This raises the question in my mind of when Bush accorded OVP expanded powers as regards classified info through what I believe was an Executive Order. Cheney may have had unilateral authority to 'instant declass' as of this date.

windje

The line between formal declassification and leaking in this administration is so blurred. It's like trying to figure out the status of Judy Miller's "security clearance." Did she ever even have one, or was it all just leaks?

this will not work

why are we here ???

if bush authorized declassification of the Wilson stuff, why would anybody be surprised when the Wilson stuff was leaked ???

that story would have worked in October of 2003, but we're in the middle of a criminal investigation here

this basically says that bush decided to tell the truth about the Plame Leak about 3 YEARS AFTER THE FACT

that ain't good enough

"Why was there an investigation (in the Ashcroft-overseen stage)? Because they thought they could escape with no charges."

They'll have to come up with a better explanation than that. At least, I hope they will. Somebody had damn well better try to hold them accountable for wasting all this time and money investigating a leak that they initiated themselves.

Isn't that the real story here?

"I don't think so. I suspect that Fitz had FBI agents in the room during his interviews with W and the Shooter, so they'd still be on the hook for lying to the FBI. That's one of the things Libby was indicted for, after all. The Shooter is still very much in legal jeopardy. If Scooter gets a pardon, he goes right back to the grand jury again to resolve his previous "misrecollections". At that point, he can either say "Cheney told me to do it," or he can take the fall himself. Either way, he's going to be in a bad spot, and he still has a civil suit to worry about. He's got a long way to go before he's home free."

I too think Bush lied:

This article reveals as well that Bush might very well have lied to prosecutors when he denied specifically authorizing Libby to leak portions of the NIE. He only admitted to having authorized the general release of the info. But Libby has testified that Bush specifically authorized him to leak the info. If Fitzgerald asked Bush if he specifically authorized Libby to leak the info and Bush denied it, then Bush is guilty of obstruction, since Libby has testified that Bush did indeed specifically authorize it.

SaltIn

As far as we know, they wanted to officially declassify three things: parts of the NIE (which were declassified on July 18), an NIO-NSC communication (which may have been declassified about the same time), and the CIA report on WIlson's trip (which has never been declassified).

tryggth

Don't know, but Libby testified to asking for authorization to leak the NIE on July 2. And he leaked it at least as early as June 27, and possibly on June 23.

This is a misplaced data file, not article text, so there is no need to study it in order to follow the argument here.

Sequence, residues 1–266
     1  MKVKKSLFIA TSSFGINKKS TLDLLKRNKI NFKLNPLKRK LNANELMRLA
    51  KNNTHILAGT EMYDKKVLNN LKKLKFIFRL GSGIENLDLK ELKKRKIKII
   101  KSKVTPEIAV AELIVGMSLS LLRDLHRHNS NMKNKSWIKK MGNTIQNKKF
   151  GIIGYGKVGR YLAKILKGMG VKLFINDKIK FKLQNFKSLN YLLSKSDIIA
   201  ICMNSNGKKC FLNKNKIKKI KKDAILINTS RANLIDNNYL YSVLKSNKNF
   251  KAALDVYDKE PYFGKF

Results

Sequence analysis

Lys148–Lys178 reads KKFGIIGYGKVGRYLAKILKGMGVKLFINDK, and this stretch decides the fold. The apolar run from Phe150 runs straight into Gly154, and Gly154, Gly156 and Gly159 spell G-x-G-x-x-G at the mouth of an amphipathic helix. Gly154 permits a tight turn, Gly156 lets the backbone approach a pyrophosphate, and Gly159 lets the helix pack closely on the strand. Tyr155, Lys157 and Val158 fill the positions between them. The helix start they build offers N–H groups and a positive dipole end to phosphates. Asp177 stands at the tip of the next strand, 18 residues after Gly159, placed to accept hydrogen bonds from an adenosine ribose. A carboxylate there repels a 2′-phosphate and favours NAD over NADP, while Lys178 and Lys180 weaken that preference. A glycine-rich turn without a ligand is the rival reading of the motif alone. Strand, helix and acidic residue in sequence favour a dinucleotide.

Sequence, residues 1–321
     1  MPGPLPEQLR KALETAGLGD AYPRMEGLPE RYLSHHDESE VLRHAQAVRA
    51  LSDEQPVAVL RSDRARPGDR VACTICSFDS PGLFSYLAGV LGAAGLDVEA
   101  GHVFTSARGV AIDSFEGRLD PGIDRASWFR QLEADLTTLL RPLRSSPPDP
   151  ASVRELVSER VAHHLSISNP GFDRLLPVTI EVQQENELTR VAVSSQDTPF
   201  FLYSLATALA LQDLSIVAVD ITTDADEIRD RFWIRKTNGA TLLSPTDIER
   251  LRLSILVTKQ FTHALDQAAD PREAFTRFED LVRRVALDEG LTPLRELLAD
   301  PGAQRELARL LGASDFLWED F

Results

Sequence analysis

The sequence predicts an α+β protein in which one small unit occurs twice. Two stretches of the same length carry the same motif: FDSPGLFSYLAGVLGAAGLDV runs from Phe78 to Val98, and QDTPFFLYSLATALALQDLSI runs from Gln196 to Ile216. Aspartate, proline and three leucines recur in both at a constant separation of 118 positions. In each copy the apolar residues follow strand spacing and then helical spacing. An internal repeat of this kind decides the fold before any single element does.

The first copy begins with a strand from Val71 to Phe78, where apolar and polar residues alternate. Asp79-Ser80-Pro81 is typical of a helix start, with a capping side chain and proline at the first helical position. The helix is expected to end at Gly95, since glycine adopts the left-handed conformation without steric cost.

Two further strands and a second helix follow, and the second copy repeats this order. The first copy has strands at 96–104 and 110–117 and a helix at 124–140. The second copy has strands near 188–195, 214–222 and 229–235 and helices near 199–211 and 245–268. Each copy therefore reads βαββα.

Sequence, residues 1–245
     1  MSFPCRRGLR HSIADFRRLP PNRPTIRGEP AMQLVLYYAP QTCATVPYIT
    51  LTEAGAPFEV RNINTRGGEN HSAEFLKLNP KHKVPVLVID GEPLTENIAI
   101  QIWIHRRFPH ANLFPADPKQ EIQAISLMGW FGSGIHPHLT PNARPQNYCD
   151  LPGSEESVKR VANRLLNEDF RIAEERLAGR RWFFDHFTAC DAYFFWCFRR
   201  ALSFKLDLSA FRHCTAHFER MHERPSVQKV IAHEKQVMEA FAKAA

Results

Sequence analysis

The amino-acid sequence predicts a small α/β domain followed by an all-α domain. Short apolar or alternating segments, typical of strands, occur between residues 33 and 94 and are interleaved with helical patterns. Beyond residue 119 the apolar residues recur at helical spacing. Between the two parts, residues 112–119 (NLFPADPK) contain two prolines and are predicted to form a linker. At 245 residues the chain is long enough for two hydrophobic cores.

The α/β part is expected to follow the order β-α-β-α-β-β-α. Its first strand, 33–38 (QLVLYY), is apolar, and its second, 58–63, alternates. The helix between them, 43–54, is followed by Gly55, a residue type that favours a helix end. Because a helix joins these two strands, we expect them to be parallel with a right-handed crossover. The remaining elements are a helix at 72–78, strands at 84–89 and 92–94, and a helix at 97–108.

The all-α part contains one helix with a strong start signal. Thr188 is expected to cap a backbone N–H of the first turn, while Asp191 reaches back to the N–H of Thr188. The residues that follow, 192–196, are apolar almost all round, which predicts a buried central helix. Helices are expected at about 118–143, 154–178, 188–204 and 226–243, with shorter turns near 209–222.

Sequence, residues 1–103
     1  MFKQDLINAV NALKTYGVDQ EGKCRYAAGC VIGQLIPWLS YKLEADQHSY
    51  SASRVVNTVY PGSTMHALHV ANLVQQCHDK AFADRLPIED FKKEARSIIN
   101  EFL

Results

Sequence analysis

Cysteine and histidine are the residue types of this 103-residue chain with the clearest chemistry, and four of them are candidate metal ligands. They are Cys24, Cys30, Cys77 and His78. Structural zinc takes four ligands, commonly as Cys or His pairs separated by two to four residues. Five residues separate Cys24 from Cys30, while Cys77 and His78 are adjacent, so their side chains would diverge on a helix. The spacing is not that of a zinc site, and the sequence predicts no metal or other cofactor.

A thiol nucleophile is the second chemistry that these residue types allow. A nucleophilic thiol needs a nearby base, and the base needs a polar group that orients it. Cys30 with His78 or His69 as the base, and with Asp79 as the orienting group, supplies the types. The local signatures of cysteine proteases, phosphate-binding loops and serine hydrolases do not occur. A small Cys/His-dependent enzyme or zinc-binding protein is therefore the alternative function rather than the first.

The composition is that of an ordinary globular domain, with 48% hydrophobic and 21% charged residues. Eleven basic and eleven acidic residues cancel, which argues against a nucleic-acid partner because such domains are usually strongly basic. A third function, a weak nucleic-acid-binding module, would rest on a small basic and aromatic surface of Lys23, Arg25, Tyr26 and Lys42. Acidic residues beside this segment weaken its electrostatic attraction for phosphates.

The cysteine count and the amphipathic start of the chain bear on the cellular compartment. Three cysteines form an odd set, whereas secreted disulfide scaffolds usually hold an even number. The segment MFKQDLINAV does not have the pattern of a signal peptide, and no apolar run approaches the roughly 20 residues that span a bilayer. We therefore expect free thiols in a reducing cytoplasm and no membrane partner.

windje

Dick got (de)classification authority in March 2003. Presumably he still has it.

Nice to see some new scoops on this case...I'm starving over here. Thanks Murrah - and EW.

As Murrah has said, and it makes sense to me, I think it is unlikely early on in the investigation that Bush told investigators he authorized the leaking of classified info. - or even immediate declassification. I think more likely Cheney will claim he took Bush's statement to "get it out there" as a declassification statement. I think the fact that both Libby and Cheney have used those talking point could support how critical the comments were to their argument. Weak, but it does offer a defense. Furthermore, Cheney has already commented (I think) on his understanding of the immediate declassification issue, as well as VP authorities in the Fox interview, so if the "get it out there" claim was not enough, he could fall back on his own authority.

But it does seem like the walls are closing in on Cheney. If Bush, (through Rove I suspect) is starting to back off the claim that immediate declassification occured, I'm beginning to wonder if maybe that is part of what Rove gave Fitz - corroberation that Bush did authorize immediate declassification and maybe Rove saying that he communicated to Cheney that the declassification process was still ongoing. Therefore, Cheney could not have thought declassification occured.

That's my two-cent theory at least.

One very minor point. I think if you look at exactly what Fitzgerald says about Addington's role, and his report that Libby testified that as of July 12 (I believe) only he, Bush and Cheney knew about the insta-declassification, the implication is that Libby asked Addington a general question about presidential authorization, and Addington did not know what was going on with any specificity. My own take on it has also been that another implication is that Libby's testimony is that Cheney told him that Bush authorized the disclosure of the NIE, not that Bush declassified it, or something like that. It could be, though, that the story is that Cheney said Bush himself declassified the NIE for disclosure, and Libby knew that was singularly outside the normal declassification process, and asked Addington if such a thing counted as a real declassification.